[0054]
By means of this simple scheme the drive voltage can be shared in half by the row and column drivers or the row driver only. This already divides the maximum output current into equal halves that relaxed the current requirement. Best electrooptic characteristics could be obtained for 4 ms/line addressing using the lowend mixtures.

[0055]
2. Effects of Waveform Skewrate

[0056]
2.1 Circuit Model

[0057]
Since the resistivity of the chiral dopants is usually much larger than that of typical nematic mixtures, a simple equivalent model is described in FIG. 7(a). It consists of a bulk capacitance C_{B}, a bulk resistance R_{B }and those for the polyimide alignment layers C_{P }and R_{P}. The electrode resistance is neglected in this study. Generally, R_{B }is many times larger in comparison with the reactance of C_{B }at a typical operation frequency of 1 kHz. This difference in ratio is equal to the product of the bulk resistivity, the bulk permitivity and the angular frequency, and does not depend on the dimensions of the liquid crystal cell. It usually varies from tens to thousands times when the different liquid crystal mixture (Twist Nematic, Super Twist Nematic and Activematrix) is used. Therefore, the bulk resistance is considered insignificant compared to the bulk reactance in the following computations and this approximation will be justified in section 2.4. In FIG. 7(b), the circuit diagram for the current and power measurement is depicted. A resistor R of 1 kΩ is connected in series with the cell so that the inphase current with the source voltage v_{s }can be measured directly, r_{out }is the output resistance of the waveform synthesizer and the trapezoid waveform of controllable slewrate is synthesized to study the electrical characteristics. In FIG. 7(c), V_{p }is the peak voltage, t_{1 }is half of the rising edge transition time and T is the period.

[0058]
Base on the circuit theory, an approximation on the bulk resistance is used to derive the differential equation of the electrical charge. In this simplification, the functional dependence becomes apparent and the basic forms are similar to those in the Appendix. It is further assumed that the fullcharge condition at which the period is sufficiently long compared with the electrical time constant of the display cell. Therefore, the maximum output current, average and maximum output power during each voltage transition can be readily obtained as follows.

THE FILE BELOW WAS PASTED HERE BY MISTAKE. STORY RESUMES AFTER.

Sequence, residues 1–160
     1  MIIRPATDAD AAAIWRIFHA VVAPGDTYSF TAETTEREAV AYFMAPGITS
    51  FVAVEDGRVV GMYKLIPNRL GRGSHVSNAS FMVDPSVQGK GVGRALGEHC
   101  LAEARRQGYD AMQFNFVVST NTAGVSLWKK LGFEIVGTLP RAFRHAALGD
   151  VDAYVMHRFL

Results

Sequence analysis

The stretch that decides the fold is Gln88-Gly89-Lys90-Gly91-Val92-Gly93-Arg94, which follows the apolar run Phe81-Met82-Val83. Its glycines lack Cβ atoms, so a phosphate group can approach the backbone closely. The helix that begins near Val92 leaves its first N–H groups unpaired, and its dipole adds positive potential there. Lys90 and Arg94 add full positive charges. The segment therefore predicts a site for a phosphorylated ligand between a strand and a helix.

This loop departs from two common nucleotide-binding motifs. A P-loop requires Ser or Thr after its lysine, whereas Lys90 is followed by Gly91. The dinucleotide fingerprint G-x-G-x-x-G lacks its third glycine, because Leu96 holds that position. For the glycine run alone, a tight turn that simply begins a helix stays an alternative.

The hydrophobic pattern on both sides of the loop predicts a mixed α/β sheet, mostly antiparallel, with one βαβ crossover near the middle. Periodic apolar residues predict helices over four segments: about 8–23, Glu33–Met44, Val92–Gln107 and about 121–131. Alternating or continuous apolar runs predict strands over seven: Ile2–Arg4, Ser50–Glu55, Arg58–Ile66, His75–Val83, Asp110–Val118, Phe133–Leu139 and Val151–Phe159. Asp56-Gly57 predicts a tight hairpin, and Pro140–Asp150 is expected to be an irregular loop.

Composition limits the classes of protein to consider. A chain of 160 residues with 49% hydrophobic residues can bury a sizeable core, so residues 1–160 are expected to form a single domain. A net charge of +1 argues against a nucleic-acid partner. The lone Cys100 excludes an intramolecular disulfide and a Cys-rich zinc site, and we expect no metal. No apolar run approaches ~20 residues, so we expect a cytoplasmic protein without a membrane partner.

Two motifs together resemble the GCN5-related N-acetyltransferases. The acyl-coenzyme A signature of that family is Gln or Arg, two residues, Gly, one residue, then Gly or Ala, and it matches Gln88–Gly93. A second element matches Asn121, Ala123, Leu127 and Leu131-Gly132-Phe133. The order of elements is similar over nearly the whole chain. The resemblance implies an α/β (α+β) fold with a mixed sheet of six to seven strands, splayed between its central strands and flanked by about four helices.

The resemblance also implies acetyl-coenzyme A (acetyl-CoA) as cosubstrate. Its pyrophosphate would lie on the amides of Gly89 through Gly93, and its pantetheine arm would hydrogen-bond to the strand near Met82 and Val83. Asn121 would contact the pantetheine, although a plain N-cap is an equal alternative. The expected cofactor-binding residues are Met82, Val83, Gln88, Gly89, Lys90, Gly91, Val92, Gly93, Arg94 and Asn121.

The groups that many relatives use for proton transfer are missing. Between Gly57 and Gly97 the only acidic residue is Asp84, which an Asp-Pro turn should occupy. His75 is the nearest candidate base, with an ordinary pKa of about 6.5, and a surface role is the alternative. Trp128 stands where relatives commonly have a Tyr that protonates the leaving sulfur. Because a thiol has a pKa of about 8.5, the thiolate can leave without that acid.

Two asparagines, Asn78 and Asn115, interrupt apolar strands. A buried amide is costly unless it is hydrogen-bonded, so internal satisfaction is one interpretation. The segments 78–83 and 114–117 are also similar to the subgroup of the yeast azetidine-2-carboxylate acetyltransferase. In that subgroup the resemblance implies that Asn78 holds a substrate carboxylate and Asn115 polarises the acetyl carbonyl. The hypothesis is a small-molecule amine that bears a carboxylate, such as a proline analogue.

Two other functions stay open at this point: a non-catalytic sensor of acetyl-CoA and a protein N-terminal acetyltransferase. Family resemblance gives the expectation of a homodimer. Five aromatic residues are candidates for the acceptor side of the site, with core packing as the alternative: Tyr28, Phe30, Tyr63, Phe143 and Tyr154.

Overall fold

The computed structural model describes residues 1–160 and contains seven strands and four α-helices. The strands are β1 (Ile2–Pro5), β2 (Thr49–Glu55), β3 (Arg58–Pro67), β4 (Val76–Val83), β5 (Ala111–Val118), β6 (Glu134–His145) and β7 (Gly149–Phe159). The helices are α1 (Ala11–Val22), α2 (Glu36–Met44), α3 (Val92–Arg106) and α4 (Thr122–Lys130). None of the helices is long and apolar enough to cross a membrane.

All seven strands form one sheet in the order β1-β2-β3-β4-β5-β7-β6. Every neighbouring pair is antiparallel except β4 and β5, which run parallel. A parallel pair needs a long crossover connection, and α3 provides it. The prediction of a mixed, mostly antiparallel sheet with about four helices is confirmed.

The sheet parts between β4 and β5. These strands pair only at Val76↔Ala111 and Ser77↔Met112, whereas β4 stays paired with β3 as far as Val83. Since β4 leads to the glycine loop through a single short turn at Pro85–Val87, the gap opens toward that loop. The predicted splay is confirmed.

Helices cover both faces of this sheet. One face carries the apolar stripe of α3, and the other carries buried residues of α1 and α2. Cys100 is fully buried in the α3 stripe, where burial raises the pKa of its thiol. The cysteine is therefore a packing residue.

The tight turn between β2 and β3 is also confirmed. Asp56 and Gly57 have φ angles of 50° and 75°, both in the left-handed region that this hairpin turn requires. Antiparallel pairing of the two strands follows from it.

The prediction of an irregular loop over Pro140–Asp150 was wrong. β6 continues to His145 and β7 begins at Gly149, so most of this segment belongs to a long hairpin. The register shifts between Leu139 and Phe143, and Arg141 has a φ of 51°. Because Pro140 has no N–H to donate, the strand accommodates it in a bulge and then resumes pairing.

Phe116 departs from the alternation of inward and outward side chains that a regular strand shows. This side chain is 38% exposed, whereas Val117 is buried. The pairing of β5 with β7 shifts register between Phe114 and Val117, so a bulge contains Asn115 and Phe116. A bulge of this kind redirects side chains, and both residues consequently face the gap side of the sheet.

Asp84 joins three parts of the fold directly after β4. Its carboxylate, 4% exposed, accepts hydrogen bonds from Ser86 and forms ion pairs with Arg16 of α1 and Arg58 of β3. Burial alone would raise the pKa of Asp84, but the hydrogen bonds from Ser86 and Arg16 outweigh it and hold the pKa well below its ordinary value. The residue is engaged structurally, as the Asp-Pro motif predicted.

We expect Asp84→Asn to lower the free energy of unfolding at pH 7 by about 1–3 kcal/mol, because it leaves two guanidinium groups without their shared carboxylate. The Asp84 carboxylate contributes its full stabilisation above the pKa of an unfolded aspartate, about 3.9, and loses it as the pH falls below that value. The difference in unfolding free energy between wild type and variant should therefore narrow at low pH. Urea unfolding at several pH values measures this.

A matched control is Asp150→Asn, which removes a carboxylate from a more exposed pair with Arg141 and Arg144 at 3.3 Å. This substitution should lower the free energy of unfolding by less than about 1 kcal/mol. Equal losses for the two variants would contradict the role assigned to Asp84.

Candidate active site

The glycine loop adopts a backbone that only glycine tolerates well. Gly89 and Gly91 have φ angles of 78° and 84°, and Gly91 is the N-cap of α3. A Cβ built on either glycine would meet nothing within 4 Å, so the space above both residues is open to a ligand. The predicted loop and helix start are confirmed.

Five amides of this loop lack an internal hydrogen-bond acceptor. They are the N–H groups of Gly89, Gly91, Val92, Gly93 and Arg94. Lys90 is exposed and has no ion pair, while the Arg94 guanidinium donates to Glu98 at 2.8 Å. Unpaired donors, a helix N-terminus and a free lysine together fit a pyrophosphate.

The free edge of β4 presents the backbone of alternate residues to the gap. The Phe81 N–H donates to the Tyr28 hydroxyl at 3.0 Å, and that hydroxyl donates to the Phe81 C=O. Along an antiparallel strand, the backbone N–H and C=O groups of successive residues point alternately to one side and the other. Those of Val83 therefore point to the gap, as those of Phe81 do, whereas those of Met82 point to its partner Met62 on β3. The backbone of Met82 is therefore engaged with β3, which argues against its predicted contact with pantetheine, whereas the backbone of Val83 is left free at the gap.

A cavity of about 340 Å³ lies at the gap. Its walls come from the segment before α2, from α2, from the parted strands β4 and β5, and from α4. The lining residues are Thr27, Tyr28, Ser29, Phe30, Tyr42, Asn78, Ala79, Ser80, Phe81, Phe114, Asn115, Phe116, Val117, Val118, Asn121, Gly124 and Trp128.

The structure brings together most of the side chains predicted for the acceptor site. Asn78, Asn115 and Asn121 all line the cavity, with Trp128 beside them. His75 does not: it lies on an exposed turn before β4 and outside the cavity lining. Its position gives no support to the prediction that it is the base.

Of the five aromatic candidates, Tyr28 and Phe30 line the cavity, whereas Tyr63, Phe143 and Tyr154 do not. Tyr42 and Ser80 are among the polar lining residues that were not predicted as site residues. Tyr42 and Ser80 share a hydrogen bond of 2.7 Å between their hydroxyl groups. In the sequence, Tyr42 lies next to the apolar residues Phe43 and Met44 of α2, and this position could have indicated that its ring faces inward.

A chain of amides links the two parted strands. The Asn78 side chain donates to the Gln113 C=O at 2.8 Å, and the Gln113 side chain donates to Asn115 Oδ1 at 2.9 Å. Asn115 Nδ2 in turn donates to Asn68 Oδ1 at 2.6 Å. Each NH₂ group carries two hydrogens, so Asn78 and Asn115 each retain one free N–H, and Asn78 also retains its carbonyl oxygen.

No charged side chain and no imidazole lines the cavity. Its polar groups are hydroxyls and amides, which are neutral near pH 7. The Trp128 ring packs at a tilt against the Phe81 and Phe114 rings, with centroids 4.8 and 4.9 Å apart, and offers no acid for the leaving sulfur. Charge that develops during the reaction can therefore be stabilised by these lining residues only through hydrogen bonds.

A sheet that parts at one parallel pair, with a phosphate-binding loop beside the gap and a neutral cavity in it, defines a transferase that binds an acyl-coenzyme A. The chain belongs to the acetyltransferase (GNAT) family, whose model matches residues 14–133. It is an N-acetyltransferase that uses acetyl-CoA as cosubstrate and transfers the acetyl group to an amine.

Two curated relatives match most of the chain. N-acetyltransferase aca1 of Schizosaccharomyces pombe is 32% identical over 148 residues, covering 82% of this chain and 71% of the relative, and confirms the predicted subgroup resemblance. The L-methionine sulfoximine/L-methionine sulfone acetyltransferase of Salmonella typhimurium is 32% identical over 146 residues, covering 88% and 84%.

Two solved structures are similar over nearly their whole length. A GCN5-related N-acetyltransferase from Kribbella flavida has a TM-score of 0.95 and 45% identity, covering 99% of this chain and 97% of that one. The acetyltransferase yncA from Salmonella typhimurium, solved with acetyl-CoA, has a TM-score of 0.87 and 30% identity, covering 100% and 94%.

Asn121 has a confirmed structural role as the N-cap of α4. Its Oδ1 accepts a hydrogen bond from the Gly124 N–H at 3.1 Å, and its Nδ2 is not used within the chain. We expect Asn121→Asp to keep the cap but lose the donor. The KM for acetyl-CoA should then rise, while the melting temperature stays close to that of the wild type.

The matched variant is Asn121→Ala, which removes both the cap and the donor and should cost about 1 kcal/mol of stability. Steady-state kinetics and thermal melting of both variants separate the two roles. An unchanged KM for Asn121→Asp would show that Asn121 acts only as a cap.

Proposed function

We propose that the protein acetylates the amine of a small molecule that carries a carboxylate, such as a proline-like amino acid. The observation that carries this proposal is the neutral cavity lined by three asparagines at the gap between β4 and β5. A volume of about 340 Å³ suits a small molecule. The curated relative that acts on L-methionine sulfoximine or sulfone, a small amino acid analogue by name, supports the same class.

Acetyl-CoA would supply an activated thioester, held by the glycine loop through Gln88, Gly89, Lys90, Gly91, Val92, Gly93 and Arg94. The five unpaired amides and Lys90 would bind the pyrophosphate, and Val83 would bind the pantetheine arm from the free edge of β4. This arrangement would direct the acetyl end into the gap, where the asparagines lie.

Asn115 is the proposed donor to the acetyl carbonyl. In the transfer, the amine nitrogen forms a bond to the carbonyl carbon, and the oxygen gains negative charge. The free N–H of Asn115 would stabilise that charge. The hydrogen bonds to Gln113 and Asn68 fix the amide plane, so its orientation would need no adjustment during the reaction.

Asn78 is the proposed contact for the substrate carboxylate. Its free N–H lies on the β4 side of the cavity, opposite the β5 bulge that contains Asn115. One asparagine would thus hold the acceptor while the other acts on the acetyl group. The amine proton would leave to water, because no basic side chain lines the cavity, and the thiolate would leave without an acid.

i _{max} =SC(1=e ^{−2/s}) (3)

[0059]
[0059]
$\begin{array}{cc}\u3008{p}_{\mathrm{out}}\u3009={V}_{P}\ue89e\mathrm{SC}\ue8a0\left(\frac{\tau}{0.5\ue89eT}\right)\ue89e\left\{2s+s\ue89e\text{\hspace{1em}}\ue89e{\uf74d}^{2/s}\right\}& \text{(4a)}\end{array}$
p _{max} =V _{P} SC(1
−e ^{−2/s}) (
4 b)

[0060]
where the slewrate, the effective capacitance, the timeconstant and the reduced slewrate are respectively given by
$\begin{array}{cc}S=\frac{{V}_{P}}{{t}_{1}}& \text{(5a)}\\ C=\frac{{C}_{B}\ue89e{C}_{P}}{{C}_{B}+{C}_{P}}& \text{(5b)}\\ \tau =\left(R+{R}_{P}\right)\ue89eC& \text{(5c)}\\ s=\frac{\tau}{{t}_{1}}& \text{(5d)}\end{array}$

[0061]
Thus, i_{max }is proportional to the SC product. Whereas <p_{out}> depends on the SC product, the peak voltage and the ratio of time constant to half period, In addition, p_{max }shows a similar dependence. Reduction in the SC product will result in a downscale in these cases. However, further reduction in the slewrate S will affect the dynamic optical response and an optimal condition exists for the efficient implementation.

[0062]
The change in the slewrate will accompany a change in the rootmeansquare (rms) voltage, and for the constant rms the new peak voltage V
_{P }relates the rectangular voltage amplitude V
_{P0 }according to
$\begin{array}{cc}{V}_{P}={V}_{\mathrm{P0}}\ue89e\sqrt{\frac{1+2\ue89ex}{1+2\ue89ex/3}}& \text{(6a)}\end{array}$

[0063]
where the duration ratio of the rising edge to the steady state is
$\begin{array}{cc}x=\frac{{t}_{1}}{0.5\ue89eT2\ue89e{t}_{1}}& \text{(6b)}\end{array}$

[0064]
When x is equal to ⅛, less than 8% increase in peak voltage is required to keep the rms constant.

[0065]
In term of the slewrate, eq (6a) can be expressed as
$\begin{array}{cc}{V}_{P}={V}_{\mathrm{P0}}\ue89e\sqrt{\frac{\left(T/2\ue89e{V}_{\mathrm{P0}}\right)\ue89eS}{\left(T/2\ue89e{V}_{\mathrm{P0}}\right)\ue89eS4/3}}& \left(7\right)\end{array}$